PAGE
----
08/04/2012 at 11:50 AM
1364, St. Gallen, Switzerland. A local ordinance forbids dice, allows board games, and leaves the subject of cards untouched. This is often cited as the date before which cards could not have been known in Europe.
Source: Tarocchi by Philebus
This is another Piedmontese game. Four people play in two fixed partnerships with partners sitting opposite one another. It is simple but enjoyable and so an excellent introduction to partnership play - think whist with tarot cards.
This is played with a 78 card pack, traditionally the piedmontese cards. As with some other Italian games, the Angel is the highest trump and honour, not the Mond. Cards use irrational ranking.
The Fool, I-XXI of trumps, and then in the suits:
Spades & Clubs / Swords & Batons
K, Q, C, V, 10, 9, 8, 7, 6, 5, 4, 3, 2, 1
Hearts & Diamonds / Cups & Coins
K, Q, C, V, 1, 2, 3, 4, 5, 6, 7, 8, 9, 10
Honours 5 points
Kings 5 points
Queens 4 points
Cavaliers 3 points
Valets 2 points
All others 1 point
The first Dealer is chosen at random, with deal moving to the right after each hand. Each player is dealt 19 cards in a single round with Dealer taking 21 cards. Dealer then discards 3 cards that may not include honours or kings. The discarded cards (the scart) will count towards Dealer’s side’s tricks at the end.
Eldest, the player to Dealer’s right, always leads to the first trick, playing any card in his/her hand to the middle of the table. Each player in turn, moving to the right, must then play a card of the same suit (follow suit). If a player cannot follow suit, then they must play a trump, if they cannot play a trump, then they can play any card, though it will not win. If no trumps have been played, then the highest card of the suit led wins the trick and that player takes the cards and puts them into his/her trick pile. Otherwise, the highest trump played wins the trick.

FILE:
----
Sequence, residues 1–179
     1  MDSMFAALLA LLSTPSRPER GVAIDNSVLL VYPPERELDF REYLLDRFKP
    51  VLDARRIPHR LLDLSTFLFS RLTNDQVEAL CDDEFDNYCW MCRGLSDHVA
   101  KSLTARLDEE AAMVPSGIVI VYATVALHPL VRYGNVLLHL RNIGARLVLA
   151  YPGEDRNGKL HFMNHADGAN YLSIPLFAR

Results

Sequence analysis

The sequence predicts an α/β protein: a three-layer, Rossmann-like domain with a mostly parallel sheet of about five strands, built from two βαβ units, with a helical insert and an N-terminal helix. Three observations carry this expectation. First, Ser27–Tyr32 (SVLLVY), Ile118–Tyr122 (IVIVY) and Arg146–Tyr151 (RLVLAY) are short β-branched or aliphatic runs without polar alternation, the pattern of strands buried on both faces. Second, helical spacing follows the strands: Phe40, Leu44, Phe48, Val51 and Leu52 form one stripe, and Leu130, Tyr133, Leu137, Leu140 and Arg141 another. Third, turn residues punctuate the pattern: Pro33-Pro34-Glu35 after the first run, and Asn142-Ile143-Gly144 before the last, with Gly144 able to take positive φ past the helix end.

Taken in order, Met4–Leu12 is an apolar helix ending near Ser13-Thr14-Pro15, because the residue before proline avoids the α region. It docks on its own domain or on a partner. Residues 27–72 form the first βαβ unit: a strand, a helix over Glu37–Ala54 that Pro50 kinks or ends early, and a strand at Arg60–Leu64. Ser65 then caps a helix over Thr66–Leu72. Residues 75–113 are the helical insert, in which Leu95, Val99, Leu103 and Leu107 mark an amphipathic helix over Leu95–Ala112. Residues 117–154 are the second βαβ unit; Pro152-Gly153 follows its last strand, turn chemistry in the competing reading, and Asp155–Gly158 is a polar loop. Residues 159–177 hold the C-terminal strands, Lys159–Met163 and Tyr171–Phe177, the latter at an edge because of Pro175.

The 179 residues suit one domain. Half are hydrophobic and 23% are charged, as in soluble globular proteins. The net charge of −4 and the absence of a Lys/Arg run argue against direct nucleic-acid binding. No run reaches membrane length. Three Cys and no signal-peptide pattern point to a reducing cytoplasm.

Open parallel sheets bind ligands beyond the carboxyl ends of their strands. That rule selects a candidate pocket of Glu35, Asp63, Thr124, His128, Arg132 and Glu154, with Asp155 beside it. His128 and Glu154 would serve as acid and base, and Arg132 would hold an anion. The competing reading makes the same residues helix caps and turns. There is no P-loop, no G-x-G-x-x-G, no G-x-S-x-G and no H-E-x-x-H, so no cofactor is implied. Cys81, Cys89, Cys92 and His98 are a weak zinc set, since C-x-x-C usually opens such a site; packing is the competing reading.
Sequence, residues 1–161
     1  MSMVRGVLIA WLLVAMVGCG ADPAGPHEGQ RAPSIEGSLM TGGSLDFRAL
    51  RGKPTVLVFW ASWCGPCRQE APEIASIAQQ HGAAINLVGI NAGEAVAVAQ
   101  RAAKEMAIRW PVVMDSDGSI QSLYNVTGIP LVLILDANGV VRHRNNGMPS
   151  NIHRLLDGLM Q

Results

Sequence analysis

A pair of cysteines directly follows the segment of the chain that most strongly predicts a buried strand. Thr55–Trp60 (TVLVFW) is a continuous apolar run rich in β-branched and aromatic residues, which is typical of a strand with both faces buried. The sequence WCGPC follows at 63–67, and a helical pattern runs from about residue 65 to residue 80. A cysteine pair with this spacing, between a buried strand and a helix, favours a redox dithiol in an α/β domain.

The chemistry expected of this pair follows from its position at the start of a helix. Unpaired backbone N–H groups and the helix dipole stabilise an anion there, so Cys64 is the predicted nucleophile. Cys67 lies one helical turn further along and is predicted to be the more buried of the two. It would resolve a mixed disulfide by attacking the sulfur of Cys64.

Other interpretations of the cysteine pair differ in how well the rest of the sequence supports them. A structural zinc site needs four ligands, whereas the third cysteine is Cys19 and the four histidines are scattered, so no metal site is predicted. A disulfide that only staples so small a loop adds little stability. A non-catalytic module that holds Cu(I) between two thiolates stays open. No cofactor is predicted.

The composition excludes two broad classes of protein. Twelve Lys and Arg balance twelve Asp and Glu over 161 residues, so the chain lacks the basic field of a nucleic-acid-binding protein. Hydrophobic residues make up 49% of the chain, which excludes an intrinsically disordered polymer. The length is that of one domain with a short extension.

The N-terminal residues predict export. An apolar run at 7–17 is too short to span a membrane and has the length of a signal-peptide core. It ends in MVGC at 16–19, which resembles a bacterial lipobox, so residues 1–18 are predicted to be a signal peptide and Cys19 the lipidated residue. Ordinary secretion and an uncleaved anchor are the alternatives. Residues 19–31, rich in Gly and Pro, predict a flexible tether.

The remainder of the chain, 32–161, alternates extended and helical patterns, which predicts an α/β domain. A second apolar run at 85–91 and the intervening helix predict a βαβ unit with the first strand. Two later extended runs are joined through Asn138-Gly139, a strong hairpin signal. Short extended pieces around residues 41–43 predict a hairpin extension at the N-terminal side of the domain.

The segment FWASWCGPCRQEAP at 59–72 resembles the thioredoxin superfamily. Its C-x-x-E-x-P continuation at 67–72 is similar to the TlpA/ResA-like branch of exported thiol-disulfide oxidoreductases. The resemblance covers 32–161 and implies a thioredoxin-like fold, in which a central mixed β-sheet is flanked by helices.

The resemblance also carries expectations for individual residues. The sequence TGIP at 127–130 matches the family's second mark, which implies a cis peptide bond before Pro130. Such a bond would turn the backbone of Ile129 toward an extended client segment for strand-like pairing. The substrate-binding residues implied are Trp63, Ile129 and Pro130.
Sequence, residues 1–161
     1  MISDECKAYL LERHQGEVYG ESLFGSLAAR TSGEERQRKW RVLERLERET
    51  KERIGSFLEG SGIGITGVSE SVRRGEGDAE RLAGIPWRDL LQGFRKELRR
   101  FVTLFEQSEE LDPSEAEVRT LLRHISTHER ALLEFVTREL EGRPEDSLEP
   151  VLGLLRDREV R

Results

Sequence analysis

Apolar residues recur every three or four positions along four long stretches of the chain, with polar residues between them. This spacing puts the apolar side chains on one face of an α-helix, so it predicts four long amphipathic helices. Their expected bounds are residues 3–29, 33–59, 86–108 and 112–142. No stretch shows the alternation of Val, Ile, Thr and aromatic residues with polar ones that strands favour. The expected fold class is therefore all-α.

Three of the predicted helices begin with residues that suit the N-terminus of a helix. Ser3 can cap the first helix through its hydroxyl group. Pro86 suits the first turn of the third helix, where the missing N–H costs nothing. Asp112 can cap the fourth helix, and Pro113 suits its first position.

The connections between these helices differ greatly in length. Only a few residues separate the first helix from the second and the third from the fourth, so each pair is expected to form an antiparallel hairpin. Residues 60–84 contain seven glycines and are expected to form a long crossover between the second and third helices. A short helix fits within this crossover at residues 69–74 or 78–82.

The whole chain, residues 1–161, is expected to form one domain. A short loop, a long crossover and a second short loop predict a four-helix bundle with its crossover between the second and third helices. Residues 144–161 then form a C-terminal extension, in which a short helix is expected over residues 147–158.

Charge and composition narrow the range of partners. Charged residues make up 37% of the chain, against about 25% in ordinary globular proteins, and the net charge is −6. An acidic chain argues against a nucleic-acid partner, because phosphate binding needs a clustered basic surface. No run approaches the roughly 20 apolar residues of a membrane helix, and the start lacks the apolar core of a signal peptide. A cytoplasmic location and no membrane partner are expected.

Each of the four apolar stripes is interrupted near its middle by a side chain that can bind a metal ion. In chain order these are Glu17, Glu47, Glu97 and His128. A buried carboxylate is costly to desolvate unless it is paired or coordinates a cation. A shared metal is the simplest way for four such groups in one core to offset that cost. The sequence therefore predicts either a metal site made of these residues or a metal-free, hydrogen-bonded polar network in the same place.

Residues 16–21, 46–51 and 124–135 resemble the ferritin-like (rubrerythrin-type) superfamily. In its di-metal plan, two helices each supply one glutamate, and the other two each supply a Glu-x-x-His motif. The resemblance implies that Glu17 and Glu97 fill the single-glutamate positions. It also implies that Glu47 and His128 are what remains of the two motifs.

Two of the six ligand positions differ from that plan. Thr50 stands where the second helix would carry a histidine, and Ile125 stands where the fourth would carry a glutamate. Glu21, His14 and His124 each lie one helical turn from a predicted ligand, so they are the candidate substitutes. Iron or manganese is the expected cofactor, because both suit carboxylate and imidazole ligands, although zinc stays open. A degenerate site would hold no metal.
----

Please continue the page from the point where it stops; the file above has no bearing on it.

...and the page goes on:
The Fool may be played to any trick as an excuse for not playing a card you are otherwise obliged to play, but may be neither won nor lost. At the end of a trick to which the Fool has been played, the person who played it takes it into his/her own trick pile and gives the player who won the trick, an empty card from their trick pile in exchange.
At the end of play, count the cards in groups of three and minus 2 points from each group. You might find it easier to first count the number of groups you have, double that and minus the result from your total point count. Two odd empty cards count for 1 point, one odd empty card counts for nothing. There are 78 points in the pack, so 39 card points are required for a side to win the hand. Unlike most tarot games, where game points are calculated, this game of four hands is usually played for a fixed stake.